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DEP data show turbines must stop  

Credit:  May 29, 2013 | www.southcoasttoday.com ~~

The results are in. The Fairhaven Industrial Wind Turbines have been found out of compliance with state noise regulations. The state Department of Environmental Protection and the developers, Fairhaven Wind, have been quick to try to minimize the findings.

Take a look at the numbers.

The turbines have been on most days and nights for just over a year. The DEP tested only nine nights out of 365.

On four out of those nine nights, the turbines were found to produce sound levels 10 decibels above ambient. Almost half.

The most significant number remains the more than 400 complaints made by the people who live in the 701 homes within 3,000 feet of these two turbines. These are the same people who waited patiently for over a year while these compliance tests were performed.

And now that the data is in, the owners of Fairhaven Wind and the DEP are quick to say that the turbines are only a little bit out of compliance.

Isn’t that like being a little bit pregnant? I don’t think it works that way!

I understand why Gordon Deane, Jim Sweeney and Sumul Shah want to minimize these findings. Fairhaven Wind makes money when the turbines are on.

But why is the DEP minimizing its own findings? Just who does the Department of Environmental Protection protect? I bet if we asked the folks who live near the turbines if they are feeling protected they would tell us, no, not so much.

The DEP has found what anyone who lives near these turbines knows already: These industrial turbines are too big, too loud and too close to too many people. They need to be shut down. Period. And the fact that the DEP knew this in November and didn’t tell the citizens of this town until May is pretty shocking. And even then they told the developers first.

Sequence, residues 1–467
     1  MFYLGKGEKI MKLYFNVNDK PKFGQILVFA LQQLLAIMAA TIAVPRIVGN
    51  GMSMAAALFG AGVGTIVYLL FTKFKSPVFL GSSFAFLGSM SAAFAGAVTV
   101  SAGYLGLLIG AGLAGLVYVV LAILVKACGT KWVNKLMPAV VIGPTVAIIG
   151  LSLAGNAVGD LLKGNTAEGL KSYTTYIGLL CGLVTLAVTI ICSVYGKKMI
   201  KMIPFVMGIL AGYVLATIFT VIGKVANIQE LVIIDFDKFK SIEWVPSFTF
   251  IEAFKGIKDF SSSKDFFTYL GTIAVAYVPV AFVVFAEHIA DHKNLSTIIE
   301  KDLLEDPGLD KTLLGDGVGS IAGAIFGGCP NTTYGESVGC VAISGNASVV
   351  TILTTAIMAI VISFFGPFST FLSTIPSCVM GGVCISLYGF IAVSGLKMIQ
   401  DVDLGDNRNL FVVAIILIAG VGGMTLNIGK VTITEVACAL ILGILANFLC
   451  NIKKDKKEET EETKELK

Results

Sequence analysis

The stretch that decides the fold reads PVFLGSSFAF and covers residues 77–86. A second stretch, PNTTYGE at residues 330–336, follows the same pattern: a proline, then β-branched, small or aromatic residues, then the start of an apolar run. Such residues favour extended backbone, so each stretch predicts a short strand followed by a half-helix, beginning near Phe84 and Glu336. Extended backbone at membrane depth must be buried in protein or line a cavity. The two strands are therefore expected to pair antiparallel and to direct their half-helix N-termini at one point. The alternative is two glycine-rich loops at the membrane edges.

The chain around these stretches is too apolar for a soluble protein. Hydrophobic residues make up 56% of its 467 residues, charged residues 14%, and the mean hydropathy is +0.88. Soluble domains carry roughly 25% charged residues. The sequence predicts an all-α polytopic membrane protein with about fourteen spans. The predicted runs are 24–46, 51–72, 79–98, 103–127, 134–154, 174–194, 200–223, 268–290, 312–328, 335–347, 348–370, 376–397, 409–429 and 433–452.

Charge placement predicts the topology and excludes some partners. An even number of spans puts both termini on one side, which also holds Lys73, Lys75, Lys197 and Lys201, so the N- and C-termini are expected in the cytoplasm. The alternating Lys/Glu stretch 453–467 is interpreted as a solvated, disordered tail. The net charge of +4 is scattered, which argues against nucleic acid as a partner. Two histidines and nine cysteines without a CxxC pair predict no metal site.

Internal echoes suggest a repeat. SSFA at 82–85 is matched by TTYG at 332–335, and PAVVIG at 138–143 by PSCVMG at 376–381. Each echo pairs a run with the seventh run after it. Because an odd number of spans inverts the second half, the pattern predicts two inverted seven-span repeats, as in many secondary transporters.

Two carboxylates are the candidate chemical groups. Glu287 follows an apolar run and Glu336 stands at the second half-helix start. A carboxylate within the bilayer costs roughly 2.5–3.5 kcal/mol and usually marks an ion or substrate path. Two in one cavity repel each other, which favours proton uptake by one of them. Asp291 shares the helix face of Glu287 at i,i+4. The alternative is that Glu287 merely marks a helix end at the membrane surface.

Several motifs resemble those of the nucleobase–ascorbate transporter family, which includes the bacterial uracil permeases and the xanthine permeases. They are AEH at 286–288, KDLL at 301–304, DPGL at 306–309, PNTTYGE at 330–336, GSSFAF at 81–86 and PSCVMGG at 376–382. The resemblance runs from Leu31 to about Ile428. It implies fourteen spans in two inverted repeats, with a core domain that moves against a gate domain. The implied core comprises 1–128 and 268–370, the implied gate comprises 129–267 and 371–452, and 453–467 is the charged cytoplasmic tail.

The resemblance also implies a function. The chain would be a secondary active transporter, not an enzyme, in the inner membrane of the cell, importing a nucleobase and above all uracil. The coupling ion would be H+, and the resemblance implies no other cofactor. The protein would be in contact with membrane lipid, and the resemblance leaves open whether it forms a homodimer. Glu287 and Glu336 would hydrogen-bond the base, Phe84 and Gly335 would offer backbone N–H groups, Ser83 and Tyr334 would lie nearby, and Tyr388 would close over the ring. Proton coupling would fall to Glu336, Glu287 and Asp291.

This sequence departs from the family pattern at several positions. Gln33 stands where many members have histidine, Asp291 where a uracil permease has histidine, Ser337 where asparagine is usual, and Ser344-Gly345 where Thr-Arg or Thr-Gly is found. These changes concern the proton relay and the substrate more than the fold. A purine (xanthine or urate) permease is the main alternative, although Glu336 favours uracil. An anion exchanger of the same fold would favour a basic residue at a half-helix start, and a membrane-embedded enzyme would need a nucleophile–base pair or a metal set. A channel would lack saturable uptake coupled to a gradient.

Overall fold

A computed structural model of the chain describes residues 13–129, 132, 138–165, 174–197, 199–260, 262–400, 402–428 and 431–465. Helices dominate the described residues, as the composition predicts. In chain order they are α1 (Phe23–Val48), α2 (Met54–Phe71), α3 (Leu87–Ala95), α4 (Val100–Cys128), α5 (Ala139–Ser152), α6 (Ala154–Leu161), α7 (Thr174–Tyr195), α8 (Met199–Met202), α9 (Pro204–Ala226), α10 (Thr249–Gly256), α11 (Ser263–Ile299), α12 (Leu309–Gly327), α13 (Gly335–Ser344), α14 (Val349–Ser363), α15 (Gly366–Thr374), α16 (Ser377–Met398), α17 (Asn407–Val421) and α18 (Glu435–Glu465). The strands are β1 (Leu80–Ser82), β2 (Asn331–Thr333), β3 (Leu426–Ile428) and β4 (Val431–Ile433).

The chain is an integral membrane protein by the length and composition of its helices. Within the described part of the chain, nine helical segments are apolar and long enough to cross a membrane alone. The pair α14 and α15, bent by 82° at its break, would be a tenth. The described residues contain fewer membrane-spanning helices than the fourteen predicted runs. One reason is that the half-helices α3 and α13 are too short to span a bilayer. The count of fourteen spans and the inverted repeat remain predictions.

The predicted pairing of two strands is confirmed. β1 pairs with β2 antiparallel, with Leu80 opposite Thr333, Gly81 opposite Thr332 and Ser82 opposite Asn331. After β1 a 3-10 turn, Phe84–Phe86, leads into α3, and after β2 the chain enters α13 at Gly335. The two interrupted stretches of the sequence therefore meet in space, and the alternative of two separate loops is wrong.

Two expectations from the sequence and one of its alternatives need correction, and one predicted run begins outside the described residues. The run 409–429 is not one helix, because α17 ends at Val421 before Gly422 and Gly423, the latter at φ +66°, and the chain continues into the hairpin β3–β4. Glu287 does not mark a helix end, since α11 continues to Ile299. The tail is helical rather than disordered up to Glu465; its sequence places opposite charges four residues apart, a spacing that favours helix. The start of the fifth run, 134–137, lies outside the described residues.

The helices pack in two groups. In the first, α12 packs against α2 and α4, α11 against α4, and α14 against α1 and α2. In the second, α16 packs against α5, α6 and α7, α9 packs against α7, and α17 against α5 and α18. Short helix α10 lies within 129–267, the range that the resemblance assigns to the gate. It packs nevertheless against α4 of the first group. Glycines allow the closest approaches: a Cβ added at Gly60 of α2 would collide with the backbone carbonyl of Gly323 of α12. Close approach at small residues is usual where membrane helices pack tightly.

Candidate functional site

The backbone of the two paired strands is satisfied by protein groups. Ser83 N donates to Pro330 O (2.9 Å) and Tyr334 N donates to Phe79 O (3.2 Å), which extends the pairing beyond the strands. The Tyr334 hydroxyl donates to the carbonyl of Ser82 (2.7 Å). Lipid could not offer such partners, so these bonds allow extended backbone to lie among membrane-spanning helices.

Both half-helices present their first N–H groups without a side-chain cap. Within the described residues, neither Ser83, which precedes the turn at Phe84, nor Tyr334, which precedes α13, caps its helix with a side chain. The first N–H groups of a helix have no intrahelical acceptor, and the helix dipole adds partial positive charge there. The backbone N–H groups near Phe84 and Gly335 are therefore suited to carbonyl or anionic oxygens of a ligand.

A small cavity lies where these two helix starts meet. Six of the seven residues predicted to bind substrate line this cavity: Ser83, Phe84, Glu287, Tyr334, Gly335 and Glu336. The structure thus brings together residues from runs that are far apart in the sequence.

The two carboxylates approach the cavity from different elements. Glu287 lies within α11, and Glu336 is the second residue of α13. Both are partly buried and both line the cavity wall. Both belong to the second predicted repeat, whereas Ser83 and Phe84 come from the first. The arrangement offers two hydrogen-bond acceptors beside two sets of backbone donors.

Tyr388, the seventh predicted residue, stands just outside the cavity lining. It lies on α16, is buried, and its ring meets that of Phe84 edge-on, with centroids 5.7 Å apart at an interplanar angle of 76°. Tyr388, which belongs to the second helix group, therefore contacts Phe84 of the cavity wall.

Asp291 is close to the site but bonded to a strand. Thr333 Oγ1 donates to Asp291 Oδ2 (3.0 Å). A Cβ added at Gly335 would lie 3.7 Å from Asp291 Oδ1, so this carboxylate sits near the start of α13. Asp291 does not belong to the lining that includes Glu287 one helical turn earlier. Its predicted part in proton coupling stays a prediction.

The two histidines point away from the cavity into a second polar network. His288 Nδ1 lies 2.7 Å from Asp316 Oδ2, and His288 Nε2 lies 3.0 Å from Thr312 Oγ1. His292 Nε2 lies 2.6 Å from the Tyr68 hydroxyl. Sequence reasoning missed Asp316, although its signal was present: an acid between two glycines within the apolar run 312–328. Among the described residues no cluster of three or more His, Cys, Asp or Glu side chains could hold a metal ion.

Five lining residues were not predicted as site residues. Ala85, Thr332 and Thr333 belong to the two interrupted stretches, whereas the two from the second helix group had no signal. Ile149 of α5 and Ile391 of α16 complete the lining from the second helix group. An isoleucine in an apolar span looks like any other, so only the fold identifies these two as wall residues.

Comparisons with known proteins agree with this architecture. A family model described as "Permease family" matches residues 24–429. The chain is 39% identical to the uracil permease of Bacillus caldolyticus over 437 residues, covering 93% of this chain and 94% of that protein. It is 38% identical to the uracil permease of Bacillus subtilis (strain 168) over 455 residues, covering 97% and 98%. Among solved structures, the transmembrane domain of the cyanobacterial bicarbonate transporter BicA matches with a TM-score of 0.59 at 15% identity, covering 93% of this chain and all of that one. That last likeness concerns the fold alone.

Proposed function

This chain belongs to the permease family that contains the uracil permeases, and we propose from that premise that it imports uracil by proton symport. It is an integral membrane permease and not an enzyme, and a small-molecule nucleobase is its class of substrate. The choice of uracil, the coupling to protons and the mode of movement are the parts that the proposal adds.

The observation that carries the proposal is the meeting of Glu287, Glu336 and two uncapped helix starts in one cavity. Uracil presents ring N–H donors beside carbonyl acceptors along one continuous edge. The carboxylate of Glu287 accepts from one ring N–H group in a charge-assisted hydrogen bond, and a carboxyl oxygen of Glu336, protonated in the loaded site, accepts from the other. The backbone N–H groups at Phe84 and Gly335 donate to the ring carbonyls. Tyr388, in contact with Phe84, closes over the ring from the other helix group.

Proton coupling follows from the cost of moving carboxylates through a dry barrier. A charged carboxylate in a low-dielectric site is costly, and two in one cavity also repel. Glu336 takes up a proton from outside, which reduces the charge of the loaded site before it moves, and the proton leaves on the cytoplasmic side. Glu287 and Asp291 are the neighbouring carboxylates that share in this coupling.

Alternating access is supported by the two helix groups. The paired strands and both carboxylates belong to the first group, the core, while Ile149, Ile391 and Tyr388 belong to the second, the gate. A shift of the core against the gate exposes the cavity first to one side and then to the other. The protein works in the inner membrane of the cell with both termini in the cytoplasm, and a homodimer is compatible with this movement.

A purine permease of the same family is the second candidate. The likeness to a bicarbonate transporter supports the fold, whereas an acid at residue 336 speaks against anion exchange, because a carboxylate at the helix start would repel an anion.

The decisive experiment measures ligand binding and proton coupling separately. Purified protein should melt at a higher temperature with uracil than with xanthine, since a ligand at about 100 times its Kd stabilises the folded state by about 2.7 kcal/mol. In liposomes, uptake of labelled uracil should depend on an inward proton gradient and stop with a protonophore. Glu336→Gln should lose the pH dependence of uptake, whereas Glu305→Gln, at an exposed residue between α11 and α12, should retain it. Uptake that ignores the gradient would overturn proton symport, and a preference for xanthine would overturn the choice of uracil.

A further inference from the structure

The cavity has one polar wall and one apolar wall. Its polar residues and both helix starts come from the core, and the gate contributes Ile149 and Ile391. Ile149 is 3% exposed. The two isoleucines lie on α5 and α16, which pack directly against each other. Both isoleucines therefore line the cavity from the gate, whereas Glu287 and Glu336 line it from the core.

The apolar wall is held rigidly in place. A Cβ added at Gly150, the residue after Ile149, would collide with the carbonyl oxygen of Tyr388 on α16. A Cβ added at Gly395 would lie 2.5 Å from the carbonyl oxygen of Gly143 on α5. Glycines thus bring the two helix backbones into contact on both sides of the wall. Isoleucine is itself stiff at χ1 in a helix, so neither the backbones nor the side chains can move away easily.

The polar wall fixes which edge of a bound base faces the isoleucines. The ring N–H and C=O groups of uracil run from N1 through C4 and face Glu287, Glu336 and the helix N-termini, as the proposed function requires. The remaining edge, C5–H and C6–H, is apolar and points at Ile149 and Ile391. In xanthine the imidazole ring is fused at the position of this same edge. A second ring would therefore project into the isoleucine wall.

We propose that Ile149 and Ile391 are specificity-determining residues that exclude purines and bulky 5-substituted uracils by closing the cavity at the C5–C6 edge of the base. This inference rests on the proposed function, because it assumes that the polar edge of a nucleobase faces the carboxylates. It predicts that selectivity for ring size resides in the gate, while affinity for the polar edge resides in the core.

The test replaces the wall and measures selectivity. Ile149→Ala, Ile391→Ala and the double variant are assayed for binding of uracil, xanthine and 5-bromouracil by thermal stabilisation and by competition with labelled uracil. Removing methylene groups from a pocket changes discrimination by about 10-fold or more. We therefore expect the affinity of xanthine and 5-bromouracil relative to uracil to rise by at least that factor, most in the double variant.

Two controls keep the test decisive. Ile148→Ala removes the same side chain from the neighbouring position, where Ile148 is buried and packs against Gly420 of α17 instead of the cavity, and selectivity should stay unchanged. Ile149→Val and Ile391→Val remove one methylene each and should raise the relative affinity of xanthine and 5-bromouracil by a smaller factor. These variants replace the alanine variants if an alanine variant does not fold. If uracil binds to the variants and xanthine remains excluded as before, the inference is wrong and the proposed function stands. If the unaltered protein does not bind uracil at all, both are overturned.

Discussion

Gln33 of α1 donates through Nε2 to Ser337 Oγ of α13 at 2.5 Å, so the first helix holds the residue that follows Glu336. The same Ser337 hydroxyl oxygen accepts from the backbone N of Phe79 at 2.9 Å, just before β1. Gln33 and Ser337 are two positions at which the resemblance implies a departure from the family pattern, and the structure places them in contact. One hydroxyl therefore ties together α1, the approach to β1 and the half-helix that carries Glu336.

Louise Barteau


Editor’s Note: While the Fairhaven Board of Health reports that the hundreds of complaints have come from 56 homes, it will not release data on how close those homes are to the turbines.

Source:  May 29, 2013 | www.southcoasttoday.com

This article is the work of the source indicated. Any opinions expressed in it are not necessarily those of National Wind Watch.

The copyright of this article resides with the author or publisher indicated. As part of its noncommercial effort to present the environmental, social, scientific, and economic issues of large-scale wind power development to a global audience seeking such information, National Wind Watch endeavors to observe “fair use” as provided for in section 107 of U.S. Copyright Law and similar “fair dealing” provisions of the copyright laws of other nations. Send requests to excerpt, general inquiries, and comments via e-mail.

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